Stay of execution: NC decides against alligator hunt
Posted February 18, 2016
RALEIGH, N.C. — Alligators in North Carolina are getting a reprieve as the state has decided against holding an alligator hunting season this year.
The state Wildlife Resources Commission announced that it wants to gather more information about how many gators are in the state and develop a management plan.
Alligators grow more slowly in North Carolina than in warmer states farther south.
"We need to do some science and get some better estimates of population, growth rates, before we do that," said Allen Boynton, wildlife diversity coordinator for the state Division of Wildlife Management.
Run-ins with gators have become more common in North Carolina in recent years.
Swimmers bolted Hope Mills Lake six years ago when an alligator was spotted in the water. A 300-pound gator bit a biologist in Carteret County in 2012, and a 12-foot gator had to be shot after it ate an 80-pound husky in Jacksonville in 2013.
A North Carolina State University study a few years ago estimated more than 670 alligators live in North Carolina, but Boynton said the survey didn't look at all alligators habitats in the state and estimates there are probably more than 1,000 gators in the state.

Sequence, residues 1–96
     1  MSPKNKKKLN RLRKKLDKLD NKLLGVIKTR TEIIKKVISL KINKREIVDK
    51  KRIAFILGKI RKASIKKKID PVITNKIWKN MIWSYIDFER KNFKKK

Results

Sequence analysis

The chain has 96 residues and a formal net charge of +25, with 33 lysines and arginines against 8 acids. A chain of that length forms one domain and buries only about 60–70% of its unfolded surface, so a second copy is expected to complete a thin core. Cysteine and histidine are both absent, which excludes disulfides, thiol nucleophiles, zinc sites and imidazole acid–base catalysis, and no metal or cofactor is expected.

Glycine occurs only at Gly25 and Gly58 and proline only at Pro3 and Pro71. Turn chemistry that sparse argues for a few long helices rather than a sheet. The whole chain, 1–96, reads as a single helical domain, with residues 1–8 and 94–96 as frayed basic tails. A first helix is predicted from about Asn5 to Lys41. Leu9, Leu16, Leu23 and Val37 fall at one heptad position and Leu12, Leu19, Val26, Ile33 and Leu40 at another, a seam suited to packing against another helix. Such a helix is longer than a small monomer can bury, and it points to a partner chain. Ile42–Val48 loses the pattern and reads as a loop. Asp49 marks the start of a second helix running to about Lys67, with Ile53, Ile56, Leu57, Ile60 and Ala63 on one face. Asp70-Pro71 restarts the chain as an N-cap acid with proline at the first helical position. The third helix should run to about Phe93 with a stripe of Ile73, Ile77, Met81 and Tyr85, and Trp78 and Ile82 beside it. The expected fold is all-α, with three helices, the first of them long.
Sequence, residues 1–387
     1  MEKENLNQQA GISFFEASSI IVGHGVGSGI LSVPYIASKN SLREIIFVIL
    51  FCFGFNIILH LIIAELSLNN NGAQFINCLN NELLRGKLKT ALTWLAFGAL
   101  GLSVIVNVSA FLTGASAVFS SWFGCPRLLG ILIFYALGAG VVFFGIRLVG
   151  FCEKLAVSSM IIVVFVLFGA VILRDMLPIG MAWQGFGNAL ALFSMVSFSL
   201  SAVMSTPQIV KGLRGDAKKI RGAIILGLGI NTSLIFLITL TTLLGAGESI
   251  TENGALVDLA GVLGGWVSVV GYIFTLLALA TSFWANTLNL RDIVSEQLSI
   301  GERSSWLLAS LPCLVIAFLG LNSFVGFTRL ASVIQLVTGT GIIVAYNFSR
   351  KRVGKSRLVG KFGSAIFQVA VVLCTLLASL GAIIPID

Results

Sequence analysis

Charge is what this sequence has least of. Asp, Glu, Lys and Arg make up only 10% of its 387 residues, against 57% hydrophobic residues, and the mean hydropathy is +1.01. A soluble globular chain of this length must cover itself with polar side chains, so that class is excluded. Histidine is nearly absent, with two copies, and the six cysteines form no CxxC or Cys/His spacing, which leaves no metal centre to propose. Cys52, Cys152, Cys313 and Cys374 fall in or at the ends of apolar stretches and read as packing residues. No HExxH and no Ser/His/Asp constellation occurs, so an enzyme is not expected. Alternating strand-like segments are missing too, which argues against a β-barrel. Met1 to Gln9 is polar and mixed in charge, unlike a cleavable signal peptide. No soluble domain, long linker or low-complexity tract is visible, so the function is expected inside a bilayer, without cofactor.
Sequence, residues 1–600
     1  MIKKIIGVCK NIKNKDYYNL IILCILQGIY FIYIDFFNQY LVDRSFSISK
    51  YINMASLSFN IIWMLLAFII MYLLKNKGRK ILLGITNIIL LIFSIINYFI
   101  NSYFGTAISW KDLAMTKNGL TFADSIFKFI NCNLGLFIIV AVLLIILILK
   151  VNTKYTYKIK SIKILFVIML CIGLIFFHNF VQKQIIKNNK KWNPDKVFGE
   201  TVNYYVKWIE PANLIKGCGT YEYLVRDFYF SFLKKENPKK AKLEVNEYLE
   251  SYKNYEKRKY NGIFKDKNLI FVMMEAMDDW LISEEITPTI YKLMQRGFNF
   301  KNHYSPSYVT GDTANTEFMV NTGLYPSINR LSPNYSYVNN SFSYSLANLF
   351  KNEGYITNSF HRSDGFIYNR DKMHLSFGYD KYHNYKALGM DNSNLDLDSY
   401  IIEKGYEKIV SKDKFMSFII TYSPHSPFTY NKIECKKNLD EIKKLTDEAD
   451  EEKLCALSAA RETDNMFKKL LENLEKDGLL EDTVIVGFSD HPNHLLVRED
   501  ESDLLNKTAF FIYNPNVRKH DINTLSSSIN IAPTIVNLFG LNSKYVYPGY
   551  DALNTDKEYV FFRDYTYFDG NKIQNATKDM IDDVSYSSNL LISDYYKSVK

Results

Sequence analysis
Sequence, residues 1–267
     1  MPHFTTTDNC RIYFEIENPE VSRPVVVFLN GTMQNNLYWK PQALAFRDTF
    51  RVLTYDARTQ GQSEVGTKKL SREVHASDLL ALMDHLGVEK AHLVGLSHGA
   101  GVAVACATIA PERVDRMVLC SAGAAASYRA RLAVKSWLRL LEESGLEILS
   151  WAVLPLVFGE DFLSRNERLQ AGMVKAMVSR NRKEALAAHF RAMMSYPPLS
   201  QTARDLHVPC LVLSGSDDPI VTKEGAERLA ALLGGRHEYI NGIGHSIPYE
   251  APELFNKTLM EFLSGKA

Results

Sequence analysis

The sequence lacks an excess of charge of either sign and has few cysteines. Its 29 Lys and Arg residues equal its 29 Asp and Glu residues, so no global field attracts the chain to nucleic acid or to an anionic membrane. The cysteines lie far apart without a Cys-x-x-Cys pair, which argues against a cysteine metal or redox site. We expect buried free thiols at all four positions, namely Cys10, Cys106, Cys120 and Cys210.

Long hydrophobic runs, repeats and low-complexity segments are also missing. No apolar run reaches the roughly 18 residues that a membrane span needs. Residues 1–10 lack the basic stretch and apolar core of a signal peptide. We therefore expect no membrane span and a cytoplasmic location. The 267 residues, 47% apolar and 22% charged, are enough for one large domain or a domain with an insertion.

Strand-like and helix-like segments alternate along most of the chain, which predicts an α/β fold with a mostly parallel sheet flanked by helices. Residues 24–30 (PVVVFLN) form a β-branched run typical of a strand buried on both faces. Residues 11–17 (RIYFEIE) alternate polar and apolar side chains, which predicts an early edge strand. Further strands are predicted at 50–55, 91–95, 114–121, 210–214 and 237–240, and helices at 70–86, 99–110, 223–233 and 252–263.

The Wildlife Resources Commission recently held public meetings about the possibility of a state hunt late this summer.
"North Carolina is one of the few states that does not have a hunting season," Boynton said. "People are aware of alligator hunting and expressed an interest in it."
The state will likely have a permit-only hunting season in a few years, he said, and wildlife agents may work with hunters to allow the harvesting of alligators in areas where they are so plentiful they are a nuisance.
"They’re part of our heritage, our wildlife heritage," he said. "People want to see alligators. So, they’re just a part of our landscape, and they should be here."